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Treating Dry Eyes and Corneal Ulcers With Fingerprick Autologous Blood (FAB)

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ClinicalTrials.gov Identifier: NCT02153515
Recruitment Status : Unknown
Verified October 2016 by Bedford Hospital NHS Trust.
Recruitment status was:  Enrolling by invitation
First Posted : June 3, 2014
Last Update Posted : October 13, 2016
Sponsor:
Collaborators:
Moorfields Eye Hospital NHS Foundation Trust
The Mater Infirmary Hospital Belfast, UK.
Milton Keynes University Hospital NHS Foundation Trust
Heart of England NHS Trust
University Hospitals Bristol NHS Foundation Trust
Birmingham Midland Eye Centre, UK
Information provided by (Responsible Party):
Bedford Hospital NHS Trust

Tracking Information
First Submitted Date  ICMJE May 2, 2014
First Posted Date  ICMJE June 3, 2014
Last Update Posted Date October 13, 2016
Study Start Date  ICMJE April 2014
Estimated Primary Completion Date August 2017   (Final data collection date for primary outcome measure)
Current Primary Outcome Measures  ICMJE
 (submitted: May 30, 2014)
Corneal ulcers / epithelial defects: Ulcers to heal within 4 weeks. Dry eyes: To improve signs (corneal and conjunctival staining, Schirmer's test, tear break up time ) or symptoms ( ocular comfort index questionnaire) [ Time Frame: One month for corneal ulcers. Dry eyes 2 months. ]
Follow ups are 3 days, 2 weeks , 4 weeks and 2 months after commencing treatment. Then again 1 month after stopping treatment. Criteria to stop treatment based on patient safety such as finger infection in protocol.
Original Primary Outcome Measures  ICMJE Same as current
Change History Complete list of historical versions of study NCT02153515 on ClinicalTrials.gov Archive Site
Current Secondary Outcome Measures  ICMJE Not Provided
Original Secondary Outcome Measures  ICMJE Not Provided
Current Other Pre-specified Outcome Measures Not Provided
Original Other Pre-specified Outcome Measures Not Provided
 
Descriptive Information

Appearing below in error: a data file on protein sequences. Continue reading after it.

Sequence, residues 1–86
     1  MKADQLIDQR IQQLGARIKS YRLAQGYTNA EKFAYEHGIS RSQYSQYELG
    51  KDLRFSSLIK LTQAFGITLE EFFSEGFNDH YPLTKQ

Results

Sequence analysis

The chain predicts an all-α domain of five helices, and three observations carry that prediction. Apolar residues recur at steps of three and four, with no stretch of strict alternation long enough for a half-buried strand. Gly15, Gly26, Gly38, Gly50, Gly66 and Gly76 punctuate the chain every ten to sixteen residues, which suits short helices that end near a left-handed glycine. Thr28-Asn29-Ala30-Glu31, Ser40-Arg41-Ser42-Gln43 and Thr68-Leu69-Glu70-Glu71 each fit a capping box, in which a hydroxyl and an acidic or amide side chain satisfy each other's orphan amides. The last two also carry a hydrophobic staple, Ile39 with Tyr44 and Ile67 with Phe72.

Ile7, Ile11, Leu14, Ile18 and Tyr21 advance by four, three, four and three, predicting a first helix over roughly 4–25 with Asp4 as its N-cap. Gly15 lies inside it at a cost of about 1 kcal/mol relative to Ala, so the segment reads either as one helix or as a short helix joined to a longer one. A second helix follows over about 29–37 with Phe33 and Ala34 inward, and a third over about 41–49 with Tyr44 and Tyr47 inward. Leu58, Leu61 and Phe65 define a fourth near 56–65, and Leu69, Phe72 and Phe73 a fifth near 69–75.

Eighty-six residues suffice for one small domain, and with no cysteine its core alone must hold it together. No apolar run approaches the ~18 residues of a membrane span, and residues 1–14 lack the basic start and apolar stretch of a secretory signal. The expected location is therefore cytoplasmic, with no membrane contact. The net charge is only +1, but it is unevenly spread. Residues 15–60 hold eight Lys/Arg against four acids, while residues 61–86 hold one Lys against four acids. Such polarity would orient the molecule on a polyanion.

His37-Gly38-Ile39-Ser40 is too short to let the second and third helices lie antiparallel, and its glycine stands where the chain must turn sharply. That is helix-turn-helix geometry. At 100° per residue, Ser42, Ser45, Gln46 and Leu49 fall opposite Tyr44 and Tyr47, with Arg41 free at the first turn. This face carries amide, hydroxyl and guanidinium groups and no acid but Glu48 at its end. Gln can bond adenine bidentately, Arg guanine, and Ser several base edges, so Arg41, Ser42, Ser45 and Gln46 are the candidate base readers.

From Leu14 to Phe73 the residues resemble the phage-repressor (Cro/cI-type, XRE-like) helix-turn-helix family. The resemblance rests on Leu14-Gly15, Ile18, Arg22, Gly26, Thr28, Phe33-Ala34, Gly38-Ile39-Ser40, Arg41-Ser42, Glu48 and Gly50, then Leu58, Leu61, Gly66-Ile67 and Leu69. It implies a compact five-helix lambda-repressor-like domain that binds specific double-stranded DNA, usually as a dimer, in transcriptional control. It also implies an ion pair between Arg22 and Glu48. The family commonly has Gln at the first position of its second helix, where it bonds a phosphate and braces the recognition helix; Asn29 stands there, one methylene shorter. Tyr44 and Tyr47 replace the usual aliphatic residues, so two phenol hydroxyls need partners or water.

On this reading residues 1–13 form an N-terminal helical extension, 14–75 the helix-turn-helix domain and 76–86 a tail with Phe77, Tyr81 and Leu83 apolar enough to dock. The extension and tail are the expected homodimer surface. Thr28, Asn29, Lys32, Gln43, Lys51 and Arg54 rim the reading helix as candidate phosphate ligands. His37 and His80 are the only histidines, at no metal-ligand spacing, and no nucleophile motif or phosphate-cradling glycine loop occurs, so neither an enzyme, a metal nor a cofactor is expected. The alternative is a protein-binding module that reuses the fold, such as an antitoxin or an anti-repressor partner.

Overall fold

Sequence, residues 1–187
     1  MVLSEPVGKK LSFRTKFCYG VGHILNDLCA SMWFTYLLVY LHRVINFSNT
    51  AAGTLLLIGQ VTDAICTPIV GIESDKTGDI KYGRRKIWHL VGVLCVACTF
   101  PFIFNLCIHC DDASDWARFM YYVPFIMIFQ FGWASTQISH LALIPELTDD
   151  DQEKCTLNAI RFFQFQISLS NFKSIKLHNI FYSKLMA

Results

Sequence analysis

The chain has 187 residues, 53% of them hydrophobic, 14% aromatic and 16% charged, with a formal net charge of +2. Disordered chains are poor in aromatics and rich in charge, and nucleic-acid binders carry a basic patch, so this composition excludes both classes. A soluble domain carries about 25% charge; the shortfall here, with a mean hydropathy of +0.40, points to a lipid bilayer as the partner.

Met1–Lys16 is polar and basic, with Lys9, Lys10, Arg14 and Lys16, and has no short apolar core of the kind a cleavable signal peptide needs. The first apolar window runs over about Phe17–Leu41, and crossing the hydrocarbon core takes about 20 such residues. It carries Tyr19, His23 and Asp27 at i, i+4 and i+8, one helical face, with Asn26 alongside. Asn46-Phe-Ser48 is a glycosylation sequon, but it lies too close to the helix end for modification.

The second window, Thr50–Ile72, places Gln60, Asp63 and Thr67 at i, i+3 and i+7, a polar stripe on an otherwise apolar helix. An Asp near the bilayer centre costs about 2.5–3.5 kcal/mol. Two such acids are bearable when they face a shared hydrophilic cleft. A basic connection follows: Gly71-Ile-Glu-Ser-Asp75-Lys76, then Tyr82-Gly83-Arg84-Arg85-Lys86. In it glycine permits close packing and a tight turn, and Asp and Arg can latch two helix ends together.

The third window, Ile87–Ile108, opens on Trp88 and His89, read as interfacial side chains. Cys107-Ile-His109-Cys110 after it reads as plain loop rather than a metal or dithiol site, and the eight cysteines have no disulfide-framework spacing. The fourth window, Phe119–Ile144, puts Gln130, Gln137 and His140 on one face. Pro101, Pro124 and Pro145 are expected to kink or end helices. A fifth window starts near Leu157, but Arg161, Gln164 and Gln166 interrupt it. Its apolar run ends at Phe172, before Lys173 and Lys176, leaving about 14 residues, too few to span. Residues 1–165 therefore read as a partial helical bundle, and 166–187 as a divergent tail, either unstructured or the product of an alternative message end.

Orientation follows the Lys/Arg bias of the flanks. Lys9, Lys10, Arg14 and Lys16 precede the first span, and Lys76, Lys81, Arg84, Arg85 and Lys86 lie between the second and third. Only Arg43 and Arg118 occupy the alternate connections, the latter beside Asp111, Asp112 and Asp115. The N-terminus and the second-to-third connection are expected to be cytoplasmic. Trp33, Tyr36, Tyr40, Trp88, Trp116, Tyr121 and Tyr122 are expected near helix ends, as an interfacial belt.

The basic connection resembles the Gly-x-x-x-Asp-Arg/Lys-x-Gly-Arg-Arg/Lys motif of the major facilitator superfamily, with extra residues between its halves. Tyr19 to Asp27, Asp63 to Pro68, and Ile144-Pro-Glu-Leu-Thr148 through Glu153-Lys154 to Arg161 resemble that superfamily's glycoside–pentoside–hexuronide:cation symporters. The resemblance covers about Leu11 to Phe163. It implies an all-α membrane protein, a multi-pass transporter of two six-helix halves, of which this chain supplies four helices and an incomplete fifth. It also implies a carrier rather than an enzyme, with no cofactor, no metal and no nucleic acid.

Brief Title  ICMJE Treating Dry Eyes and Corneal Ulcers With Fingerprick Autologous Blood
Official Title  ICMJE Fingerprick Fresh Blood for Treatment of Chronic Corneal Ulcers, Persistent Epithelial Defects and Dry Eyes
Brief Summary To investigate if fresh finger prick autologous blood (FAB) instead of serum from venesection, is a safe and effective treatment for dry eyes and corneal ulcers/ epithelial defects. Currently there are no studies on the use of whole fresh blood for the treatment of chronic ulcers, persistent epithelial defects or dry eyes. Unpublished case reports indicate that fresh blood can be an effective tool to the treatment of corneal pathology.
Detailed Description

Background Autologous serum is used for chronic ulcers and dry eyes. Currently there are no studies on the use of whole fresh blood for the treatment of chronic ulcers, persistent epithelial defects or dry eyes.

Dry eye syndrome (DES) refers to a common but highly heterogeneous group of ocular surface disorders with varying disease severity, due to lack of sufficient tears or sufficient quality of tears. Corneal and conjunctival studies, using a variety of definitions, have estimated the prevalence of ''significant'' DES to be about 10-20% in the adult population, although fortunately severe DES is less frequent (Hikichi et al., 1995; Bjerrum, 1997; Doughty et al., 1997; Bandeen-Roche et al., 1997; Caffery et al., 1998; McCarty et al., 1998; Schein et al., 1999; Moss et al., 2000; Begley et al., 2002; Chia et al., 2003; Lin et al., 2003; Schaumberg et al., 2003).